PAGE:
Lost £50,000 in property case restates importance to safeguard against email hacking

‘Phishing’ is a modern day fraud technique which refers to when criminals attempt to acquire sensitive information, such as bank account details. This is done by masquerading as a trustworthy person in an electronic communication.

Vivian Gabb was a recent victim of this particular crime during her property transaction. Her email account had been hacked and every incoming and outgoing message was being monitored. Consequently, the criminals were fully aware, and took full advantage of, the fact she had instructed solicitors to complete her conveyancing transaction. The solicitors were awaiting a £50,000 deposit payment from Mrs Gabb – another facet of information the criminals had gained from her emails.

The fraudsters sent her communications, disguised a follow up email from her solicitors, asking for the £50,000 to be transferred into their account. They claimed the firm had changed their account details.

The email was branded according to her solicitors (Barnes & Partners) style and was sent from a similar looking email domain. It appeared to be identical to their previous correspondence. By the time they discovered the money had gone to a scam artist’s account rather than the solicitors, the money had already left the bank account and couldn’t be recovered.

Although police are currently investigating the events, Mrs Gabb appears to be in a position to lose her deposit as neither her own bank (Halifax) nor the bank the criminals used (TSB) have offered to refund the money. TSB, despite opening up an account for criminal purposes, have specified they can’t release any details of who set up the fraudulent account due to the Data Protection Act 1998.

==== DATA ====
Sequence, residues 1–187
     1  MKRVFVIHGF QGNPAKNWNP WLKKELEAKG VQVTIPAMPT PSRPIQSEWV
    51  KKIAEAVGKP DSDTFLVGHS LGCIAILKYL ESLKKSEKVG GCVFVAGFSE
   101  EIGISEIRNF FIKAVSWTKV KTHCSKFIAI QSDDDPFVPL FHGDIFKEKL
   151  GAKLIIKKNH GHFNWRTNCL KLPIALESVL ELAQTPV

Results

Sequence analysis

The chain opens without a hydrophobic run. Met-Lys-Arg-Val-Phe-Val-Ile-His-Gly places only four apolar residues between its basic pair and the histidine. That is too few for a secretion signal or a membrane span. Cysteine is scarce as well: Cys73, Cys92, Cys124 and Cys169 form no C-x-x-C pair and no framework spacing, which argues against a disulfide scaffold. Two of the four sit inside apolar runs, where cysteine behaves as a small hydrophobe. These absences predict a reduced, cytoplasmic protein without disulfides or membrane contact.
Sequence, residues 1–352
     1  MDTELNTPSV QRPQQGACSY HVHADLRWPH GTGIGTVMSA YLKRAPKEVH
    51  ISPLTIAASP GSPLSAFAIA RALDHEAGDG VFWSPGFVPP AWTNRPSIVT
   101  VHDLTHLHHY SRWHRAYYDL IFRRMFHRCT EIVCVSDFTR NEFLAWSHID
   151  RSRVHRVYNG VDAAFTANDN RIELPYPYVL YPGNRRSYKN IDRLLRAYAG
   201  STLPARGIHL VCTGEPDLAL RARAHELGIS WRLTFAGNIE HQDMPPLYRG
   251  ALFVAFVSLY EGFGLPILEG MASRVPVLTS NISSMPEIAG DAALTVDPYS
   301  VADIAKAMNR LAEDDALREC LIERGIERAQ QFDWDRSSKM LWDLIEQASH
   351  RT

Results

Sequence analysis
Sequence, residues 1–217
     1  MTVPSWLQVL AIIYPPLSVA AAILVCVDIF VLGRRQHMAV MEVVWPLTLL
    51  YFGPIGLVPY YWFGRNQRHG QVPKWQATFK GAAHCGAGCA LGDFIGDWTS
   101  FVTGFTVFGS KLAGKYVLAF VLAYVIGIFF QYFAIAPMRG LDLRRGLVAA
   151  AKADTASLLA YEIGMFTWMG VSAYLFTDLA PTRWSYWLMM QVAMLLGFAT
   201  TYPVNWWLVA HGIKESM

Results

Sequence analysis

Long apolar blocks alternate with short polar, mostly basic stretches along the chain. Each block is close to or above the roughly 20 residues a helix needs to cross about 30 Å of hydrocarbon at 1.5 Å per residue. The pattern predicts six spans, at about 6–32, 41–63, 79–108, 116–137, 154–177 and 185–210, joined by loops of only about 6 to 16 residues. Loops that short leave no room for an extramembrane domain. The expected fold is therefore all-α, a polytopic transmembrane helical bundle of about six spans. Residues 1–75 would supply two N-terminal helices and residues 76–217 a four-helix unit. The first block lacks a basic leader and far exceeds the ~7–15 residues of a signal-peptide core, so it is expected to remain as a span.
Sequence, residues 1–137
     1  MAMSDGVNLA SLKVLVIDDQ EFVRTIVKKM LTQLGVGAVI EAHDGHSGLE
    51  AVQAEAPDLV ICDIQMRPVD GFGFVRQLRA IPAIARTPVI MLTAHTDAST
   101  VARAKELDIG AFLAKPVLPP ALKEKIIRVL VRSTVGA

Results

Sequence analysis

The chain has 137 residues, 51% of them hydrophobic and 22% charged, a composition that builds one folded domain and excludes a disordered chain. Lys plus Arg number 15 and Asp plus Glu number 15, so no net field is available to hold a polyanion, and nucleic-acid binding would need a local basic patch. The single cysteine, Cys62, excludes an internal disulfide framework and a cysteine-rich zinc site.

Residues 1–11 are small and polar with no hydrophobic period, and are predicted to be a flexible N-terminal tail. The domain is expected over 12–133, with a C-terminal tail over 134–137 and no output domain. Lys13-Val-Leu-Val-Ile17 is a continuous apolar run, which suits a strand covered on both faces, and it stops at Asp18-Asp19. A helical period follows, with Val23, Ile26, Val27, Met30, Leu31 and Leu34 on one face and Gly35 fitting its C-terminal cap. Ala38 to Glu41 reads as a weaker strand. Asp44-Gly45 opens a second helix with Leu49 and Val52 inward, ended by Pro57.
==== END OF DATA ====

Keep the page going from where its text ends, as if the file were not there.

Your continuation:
The internet safety advice website Get Safe Online states that more than half of people in the UK have been a victim of an online crime, and 15% of people have been victims of either attempted or successful hacks of their email account.

Mrs Gabb states Barnes & Partners have told her they aren’t responsible as the fraud didn’t originate from any issues with their computer security. Notwithstanding, this is not good publicity for the firm and measures should be taken by all solicitors firms to try and protect clients who may not be aware of the growing risk of ‘phishing’. Such measures can include:

  • Clients should be made aware of the risk, particularly those about to purchase property as they are most at risk due to the size of finances involved
  • Clients should be encouraged to confirm account details over the phone or in person before sending large sums of money
  • Account details should not be passed over email, particularly unencrypted emails
  • Provide clients with their own account on a password protected portal, ensuring all messages and documents remains on the same secure server as opposed to the use of emails
  • Ensure all staff are made aware of the risk and comprehensively trained in the appropriate safeguards
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